What Peter is rightly saying is that you cannot go to Londoners or to the country promising huge cuts in budgets for buses caused by fare cuts.  As you will remember, you campaigned only a couple of years ago on a manifesto to take more than £1 billion out of TfL’s budgets with a ludicrous fare cut that you knew the city could not possibly afford.  It was a 7% fare cut.  Buses are the most subsidised form of public transport.  They require more subsidy per mile than any other form.  What your policy would have ended up doing is leaving people on street corners unable to get to work.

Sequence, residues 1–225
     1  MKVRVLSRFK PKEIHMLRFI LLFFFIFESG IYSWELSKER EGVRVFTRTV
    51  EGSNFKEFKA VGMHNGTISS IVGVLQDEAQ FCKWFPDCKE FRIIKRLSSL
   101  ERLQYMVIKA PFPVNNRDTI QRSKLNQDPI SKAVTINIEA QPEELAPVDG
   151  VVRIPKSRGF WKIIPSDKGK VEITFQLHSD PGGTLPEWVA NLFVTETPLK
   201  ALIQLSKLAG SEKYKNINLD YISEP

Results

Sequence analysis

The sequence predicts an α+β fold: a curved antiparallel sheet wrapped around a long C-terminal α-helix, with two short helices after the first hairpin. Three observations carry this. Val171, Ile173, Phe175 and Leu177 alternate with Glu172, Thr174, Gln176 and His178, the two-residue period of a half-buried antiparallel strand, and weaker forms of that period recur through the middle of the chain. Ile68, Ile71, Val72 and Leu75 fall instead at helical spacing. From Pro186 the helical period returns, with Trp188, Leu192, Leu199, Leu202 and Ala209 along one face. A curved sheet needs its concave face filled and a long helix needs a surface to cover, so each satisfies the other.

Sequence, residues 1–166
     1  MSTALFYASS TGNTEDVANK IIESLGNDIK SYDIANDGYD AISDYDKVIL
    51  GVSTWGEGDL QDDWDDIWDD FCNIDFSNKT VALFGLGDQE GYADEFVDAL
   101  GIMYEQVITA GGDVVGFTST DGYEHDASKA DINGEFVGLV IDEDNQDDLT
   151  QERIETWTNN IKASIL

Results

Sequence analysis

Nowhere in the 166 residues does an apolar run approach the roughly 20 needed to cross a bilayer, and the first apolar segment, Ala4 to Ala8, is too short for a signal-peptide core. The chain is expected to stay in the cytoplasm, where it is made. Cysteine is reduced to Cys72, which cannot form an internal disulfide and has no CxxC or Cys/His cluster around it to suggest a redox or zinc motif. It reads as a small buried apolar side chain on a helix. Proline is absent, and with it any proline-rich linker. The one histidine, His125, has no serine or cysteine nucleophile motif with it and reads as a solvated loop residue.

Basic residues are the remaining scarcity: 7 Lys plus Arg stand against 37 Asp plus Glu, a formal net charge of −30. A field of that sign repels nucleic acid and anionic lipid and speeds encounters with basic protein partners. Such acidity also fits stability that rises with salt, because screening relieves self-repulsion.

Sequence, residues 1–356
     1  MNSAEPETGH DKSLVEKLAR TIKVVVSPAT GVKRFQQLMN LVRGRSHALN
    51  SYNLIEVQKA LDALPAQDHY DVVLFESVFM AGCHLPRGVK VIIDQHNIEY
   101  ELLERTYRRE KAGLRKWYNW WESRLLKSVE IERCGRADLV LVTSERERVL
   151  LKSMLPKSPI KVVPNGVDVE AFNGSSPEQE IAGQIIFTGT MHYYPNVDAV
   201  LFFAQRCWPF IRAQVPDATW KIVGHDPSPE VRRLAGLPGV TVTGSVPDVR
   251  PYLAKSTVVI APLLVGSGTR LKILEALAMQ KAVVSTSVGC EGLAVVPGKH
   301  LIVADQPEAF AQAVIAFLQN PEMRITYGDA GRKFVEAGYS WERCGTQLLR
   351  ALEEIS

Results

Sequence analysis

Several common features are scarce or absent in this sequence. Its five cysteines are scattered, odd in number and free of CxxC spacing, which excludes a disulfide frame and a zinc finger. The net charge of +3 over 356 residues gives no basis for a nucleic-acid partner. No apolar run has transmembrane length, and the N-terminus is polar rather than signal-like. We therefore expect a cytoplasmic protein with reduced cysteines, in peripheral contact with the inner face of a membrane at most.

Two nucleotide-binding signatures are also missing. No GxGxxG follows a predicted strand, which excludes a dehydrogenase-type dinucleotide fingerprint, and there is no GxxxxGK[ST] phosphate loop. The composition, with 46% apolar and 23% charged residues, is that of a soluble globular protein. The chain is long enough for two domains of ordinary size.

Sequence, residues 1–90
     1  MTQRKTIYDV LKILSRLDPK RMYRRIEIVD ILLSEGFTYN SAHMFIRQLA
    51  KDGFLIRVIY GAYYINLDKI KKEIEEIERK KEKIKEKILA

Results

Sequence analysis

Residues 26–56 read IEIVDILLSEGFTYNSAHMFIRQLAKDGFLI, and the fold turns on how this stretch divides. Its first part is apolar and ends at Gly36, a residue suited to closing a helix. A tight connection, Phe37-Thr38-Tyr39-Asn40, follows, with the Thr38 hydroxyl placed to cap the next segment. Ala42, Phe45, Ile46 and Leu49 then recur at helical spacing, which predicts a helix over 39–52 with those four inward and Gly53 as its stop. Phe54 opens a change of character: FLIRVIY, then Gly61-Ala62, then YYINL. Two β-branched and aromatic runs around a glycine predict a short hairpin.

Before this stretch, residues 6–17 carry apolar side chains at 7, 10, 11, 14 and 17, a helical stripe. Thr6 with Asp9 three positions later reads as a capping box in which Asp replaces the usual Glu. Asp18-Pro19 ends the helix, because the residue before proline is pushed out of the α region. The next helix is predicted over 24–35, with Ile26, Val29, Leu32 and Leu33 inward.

Valerie Shawcross CBE AM:  Mr Mayor, I do not know if you have ever been on a proper bus in London and not just there for a photo opportunity. 

Boris Johnson (Mayor of London):  I do not think you were paying attention to my answer.  I am sorry. 

Valerie Shawcross CBE AM:  Can I just ask you, Mr Mayor ‑‑ 

Boris Johnson (Mayor of London):  She was not even listening to what I said. 

Valerie Shawcross CBE AM:  Mr Mayor, can I ask you ‑‑ 

Roger Evans AM (Chairman):  Can we let Assembly Member Shawcross finish her question? 

Valerie Shawcross CBE AM:  Sorry.  I hope my clock was stopped there, Chair. 

Roger Evans AM (Chairman):  It did.  Please carry on.